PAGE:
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What Matters in Ferguson | The Nation

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Mychal Denzel Smith

Mychal Denzel Smith

All the blackness that’s fit to print. And some that isn’t. 

What Matters in Ferguson

Michael Brown Protest

A sign and a pin are pictured on the back of a demonstrator during a protest against the shooting death of teenager Michael Brown, in Ferguson, Missouri, August 13, 2014 (Reuters/Mario Anzuoni)

Michael Brown was shot and killed by an officer of the Ferguson, Missouri, police department. This is what matters.

The name of the officer has been released (it’s Darren Wilson, who has been on the force for six years), alongside allegations that Brown was involved in a robbery. This does not matter.

It doesn’t matter because people accused of robbery should not be shot. It doesn’t matter because people who put their hands up in surrender should not be shot. It doesn’t matter because a body should not lie in the streets for hours after being shot by a police officer.

Michael Brown was shot and killed by an officer of the Ferguson, Missouri, police department. Everything else is irrelevant.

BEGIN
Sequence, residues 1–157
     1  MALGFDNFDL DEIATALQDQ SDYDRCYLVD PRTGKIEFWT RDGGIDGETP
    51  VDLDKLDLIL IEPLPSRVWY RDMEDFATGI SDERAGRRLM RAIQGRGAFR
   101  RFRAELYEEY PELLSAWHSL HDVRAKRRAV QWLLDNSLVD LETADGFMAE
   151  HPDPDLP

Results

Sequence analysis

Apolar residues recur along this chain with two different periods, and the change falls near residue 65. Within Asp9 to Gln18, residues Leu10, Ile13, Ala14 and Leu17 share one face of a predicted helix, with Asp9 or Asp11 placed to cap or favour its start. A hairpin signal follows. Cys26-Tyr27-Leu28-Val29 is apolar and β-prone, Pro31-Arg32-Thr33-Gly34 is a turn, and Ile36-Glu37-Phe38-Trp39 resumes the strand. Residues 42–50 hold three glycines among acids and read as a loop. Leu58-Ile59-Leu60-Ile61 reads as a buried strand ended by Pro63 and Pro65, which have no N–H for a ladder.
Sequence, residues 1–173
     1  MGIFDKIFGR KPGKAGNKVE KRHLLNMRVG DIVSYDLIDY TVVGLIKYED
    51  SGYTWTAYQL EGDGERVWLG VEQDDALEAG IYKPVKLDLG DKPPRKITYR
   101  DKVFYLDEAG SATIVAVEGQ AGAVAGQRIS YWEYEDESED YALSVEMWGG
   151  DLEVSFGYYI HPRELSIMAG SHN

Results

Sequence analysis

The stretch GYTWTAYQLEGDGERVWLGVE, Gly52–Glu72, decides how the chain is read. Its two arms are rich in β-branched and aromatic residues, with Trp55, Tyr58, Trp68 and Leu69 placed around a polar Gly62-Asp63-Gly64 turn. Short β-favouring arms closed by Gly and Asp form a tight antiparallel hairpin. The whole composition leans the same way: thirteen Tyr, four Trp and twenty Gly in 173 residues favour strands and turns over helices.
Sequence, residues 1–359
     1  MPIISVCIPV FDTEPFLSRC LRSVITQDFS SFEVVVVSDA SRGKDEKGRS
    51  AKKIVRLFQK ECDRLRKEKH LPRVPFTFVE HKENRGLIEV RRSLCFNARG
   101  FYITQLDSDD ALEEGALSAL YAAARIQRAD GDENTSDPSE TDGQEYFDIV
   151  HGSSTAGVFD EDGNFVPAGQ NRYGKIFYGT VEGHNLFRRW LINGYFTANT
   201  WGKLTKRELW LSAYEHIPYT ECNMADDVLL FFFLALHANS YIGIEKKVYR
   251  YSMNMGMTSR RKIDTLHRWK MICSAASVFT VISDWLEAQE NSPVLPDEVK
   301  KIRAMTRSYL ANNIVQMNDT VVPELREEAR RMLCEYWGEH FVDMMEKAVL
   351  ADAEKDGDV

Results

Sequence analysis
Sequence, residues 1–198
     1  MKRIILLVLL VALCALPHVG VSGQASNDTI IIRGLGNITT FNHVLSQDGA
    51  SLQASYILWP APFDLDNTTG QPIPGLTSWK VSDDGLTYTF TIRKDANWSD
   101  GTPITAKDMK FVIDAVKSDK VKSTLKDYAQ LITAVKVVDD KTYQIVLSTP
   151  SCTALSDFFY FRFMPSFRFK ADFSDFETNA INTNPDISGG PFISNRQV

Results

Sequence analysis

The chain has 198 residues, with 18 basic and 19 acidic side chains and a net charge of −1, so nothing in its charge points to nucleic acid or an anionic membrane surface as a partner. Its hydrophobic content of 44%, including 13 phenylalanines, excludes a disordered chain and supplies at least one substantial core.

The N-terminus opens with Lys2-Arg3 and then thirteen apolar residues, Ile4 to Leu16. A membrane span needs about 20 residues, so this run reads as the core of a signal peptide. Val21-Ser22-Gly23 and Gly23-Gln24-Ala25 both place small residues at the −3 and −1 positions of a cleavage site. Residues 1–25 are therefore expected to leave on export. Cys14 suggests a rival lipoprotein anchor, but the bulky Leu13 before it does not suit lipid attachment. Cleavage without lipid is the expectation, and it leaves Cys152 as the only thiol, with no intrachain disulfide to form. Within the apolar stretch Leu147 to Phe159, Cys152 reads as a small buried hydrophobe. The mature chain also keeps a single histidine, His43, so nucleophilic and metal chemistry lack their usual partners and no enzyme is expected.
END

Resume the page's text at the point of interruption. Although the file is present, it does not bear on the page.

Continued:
“Of course, it’s important to remember how this started. We lost a young man in heartbreaking and tragic circumstances,” President Obama said yesterday in his brief remarks on Brown’s death and the protests that followed. What he failed to say, and what is absent from Attorney General Eric Holder’s statement, is how Brown lost his life. He was a teenage black boy in America who was shot and killed by a police officer.

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To not say that is to isolate Brown’s death. If you don’t say “Michael Brown was shot and killed by an officer of the Ferguson, Missouri, police department,” then you don’t have to reckon with the entire history of police harassing, beating, terrorizing and killing black bodies. It’s to disconnect his story from Eric Garner, Ezell Ford, John Crawford, Rekia Boyd, Aiyanna Stanley-Jones, Oscar Grant, Sean Bell, Amadou Diallo, Eleanor Bumpurs, Michael Stewart and so many more. It’s to say that what happened to Michael Brown isn’t a part of this country’s insistence on criminalizing black bodies. It erases the black codes, convict leasing, Jim Crow, lynching and all other forms of terror visited upon black people in the place they call home.

There should be a thorough and transparent investigation of the killing of Michael Brown. We should learn all the facts of what happened that afternoon. His family and community deserve that much. But we also can’t avoid saying the one thing we do know.

Michael Brown was shot and killed by an officer of the Ferguson, Missouri, police department.

 

Read Next: The death of Michael Brown and the search for justice in black America.

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